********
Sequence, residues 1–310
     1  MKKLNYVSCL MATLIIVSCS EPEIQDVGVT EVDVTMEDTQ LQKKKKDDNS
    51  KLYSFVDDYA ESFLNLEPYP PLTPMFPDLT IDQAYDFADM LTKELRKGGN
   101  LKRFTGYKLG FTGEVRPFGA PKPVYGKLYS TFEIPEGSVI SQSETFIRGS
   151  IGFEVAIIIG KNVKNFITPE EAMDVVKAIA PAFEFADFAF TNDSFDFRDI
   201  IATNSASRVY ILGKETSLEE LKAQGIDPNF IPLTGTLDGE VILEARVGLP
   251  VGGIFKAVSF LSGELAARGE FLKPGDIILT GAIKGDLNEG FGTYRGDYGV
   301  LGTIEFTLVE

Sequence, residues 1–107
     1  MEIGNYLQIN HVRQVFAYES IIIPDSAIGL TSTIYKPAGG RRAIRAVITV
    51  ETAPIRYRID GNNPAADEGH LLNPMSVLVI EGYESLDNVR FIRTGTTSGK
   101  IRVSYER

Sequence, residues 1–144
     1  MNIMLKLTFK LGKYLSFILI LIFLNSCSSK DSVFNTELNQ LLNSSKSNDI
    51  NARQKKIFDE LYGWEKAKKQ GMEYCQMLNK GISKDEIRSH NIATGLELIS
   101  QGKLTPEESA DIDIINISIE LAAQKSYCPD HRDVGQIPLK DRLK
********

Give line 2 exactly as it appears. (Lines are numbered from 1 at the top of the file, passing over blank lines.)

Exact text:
     1  MKKLNYVSCL MATLIIVSCS EPEIQDVGVT EVDVTMEDTQ LQKKKKDDNS